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What is the difference between alcohol abuse and alcoholism?

In the United States, much of our culture centers around drinking. Problems that result from drinking too much, too fast, or too often affect more than 14 million US adults. So, how can we recognize some of the problems?


Alcohol abuse

It is easy to get swayed by studies about alcohol that proclaim to have health or social benefits like, “a glass of red wine a day could protect your heart,” or “moderate alcohol consumption increases attractiveness”. The truth is that not everyone has the ability to “moderate” their alcohol consumption. This is where alcohol abuse starts.

Alcohol abuse is when you put too much alcohol in your body and the body starts shutting down and you might even need to be hospitalized to reverse the effects. It does not mean that you are drinking heavily every day. It can be occasional binge drinking that leads to serious issues. However, when that binge drinking happens, it is non-stop and the individual cannot stop drinking.

Here are warning signs to watch for in yourself and loved ones:

  • You feel like you should cut down on alcohol. You might have found yourself in dangerous or embarrassing situations after drinking. Moreover, this happened not only once or twice, but over and over again. Yet, you reach for that bottle of alcohol yet again.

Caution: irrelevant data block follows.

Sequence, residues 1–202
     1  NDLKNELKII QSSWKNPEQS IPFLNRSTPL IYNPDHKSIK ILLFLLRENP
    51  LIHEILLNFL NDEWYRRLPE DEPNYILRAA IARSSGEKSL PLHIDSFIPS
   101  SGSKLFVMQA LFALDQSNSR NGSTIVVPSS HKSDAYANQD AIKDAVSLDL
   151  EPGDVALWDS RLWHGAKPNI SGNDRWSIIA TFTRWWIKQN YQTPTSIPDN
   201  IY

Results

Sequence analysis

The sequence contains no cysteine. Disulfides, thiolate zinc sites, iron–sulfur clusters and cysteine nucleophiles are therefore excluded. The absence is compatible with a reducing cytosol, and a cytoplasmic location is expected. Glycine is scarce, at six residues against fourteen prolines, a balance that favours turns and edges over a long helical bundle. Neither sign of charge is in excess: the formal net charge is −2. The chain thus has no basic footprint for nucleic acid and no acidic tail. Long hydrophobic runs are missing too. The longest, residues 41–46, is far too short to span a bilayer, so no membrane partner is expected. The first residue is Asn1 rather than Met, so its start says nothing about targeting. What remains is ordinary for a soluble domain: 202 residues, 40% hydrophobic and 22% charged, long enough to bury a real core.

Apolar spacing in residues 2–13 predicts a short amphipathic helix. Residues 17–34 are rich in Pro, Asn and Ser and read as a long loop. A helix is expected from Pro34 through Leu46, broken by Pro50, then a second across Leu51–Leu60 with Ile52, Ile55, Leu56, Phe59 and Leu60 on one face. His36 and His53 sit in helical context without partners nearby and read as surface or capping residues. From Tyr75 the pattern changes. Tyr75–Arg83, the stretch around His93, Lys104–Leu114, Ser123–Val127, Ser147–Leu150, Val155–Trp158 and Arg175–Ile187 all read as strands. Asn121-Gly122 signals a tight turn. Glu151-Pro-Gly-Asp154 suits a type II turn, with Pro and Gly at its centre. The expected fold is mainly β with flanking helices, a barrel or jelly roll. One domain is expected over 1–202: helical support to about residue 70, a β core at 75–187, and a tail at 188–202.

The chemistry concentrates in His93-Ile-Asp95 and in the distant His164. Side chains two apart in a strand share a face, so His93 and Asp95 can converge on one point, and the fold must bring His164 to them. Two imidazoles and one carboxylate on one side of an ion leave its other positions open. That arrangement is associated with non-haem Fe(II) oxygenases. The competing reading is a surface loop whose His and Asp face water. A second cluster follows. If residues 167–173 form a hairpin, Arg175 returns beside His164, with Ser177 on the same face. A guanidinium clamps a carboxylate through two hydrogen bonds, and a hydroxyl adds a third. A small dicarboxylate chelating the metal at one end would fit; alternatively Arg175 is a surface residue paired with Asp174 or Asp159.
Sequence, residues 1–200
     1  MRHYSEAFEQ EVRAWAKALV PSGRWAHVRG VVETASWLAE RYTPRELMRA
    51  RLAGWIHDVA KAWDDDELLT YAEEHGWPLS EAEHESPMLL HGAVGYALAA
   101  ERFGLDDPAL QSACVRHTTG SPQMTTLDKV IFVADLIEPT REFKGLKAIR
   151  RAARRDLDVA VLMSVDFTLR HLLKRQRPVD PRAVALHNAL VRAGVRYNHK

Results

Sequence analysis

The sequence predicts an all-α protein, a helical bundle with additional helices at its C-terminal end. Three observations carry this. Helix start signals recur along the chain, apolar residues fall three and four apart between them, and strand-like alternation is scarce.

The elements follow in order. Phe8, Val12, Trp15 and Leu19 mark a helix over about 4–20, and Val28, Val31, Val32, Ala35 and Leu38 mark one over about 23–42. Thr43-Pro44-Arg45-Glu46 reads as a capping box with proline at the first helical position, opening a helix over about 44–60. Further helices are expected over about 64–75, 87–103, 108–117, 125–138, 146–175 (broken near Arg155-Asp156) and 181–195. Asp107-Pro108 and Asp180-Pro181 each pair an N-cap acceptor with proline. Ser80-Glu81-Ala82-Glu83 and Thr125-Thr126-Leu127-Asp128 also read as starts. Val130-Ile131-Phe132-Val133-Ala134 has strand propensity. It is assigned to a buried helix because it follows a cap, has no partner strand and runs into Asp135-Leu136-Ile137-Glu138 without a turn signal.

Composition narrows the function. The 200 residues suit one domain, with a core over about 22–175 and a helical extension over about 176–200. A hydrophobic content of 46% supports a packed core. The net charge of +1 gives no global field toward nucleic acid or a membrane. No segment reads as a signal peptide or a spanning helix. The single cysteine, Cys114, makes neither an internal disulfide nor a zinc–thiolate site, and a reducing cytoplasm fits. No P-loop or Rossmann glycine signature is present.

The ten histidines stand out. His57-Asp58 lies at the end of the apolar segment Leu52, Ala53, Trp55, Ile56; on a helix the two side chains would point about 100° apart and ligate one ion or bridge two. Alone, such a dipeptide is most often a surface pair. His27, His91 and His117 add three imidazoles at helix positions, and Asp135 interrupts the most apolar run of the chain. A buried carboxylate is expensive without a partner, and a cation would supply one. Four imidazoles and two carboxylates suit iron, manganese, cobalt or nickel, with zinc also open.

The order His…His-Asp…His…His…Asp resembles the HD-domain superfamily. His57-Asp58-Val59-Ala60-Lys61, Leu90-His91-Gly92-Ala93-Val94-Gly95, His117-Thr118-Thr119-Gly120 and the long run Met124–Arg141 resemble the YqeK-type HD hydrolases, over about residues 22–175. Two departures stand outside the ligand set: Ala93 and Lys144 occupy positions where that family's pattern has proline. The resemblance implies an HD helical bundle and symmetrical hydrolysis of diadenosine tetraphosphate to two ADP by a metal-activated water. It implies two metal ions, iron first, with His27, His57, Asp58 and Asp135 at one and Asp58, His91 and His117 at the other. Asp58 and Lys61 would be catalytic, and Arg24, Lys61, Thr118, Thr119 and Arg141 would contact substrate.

• Impairment with social interactions is another sign. This can be family, friends, or coworkers. Yet, you are continuing to drink despite the problems that it causes or worsens.
  • When you are not drinking, there is sort of malaise kicks in. This can be anything from a hangover the next morning to sleep problems that seem to be persisting, digestive problems, disruption of your exercise program, or a chronic irritability.
  • You are likely to feel guilty about the drinking issue and try to hide it. You subconsciously know that you have a problem, but you lie in an attempt to cover it from people surrounding you.


Alcoholism is a very serious disease that many people struggle to deal with every day. It can have a serious long-term effect on you and the people around you. Alcoholism is often the result of prolonged alcohol abuse or excessive drinking. Alcoholism for women is a faster onset than it is for men because of their body chemistry. For men, it can take even years or months of heavy drinking. It all depends on the quantities of alcohol.

With alcoholism, the body gets adopted and does not produce enough sugar, so the alcohol is kind of like a mask for that. The alcoholic has to be constantly putting that “mask” in to stop the tremors, to stop the insanity that is going on in the brain and feel “normal”. Some of the alcoholism signs can include but are not limited to

  • Using alcohol to make you feel normal. The mood-enhancing effect the alcohol may have is only temporary. It actually increases your risk of both depression and anxiety. Heavy drinking can make you socially withdrawn or prone to unusual or violent behavior.
  • Drinking in secret or lying about it. Denial is a very powerful thing and it is a common element of the addiction syndrome – be honest with yourself. Your long-term health depends on it.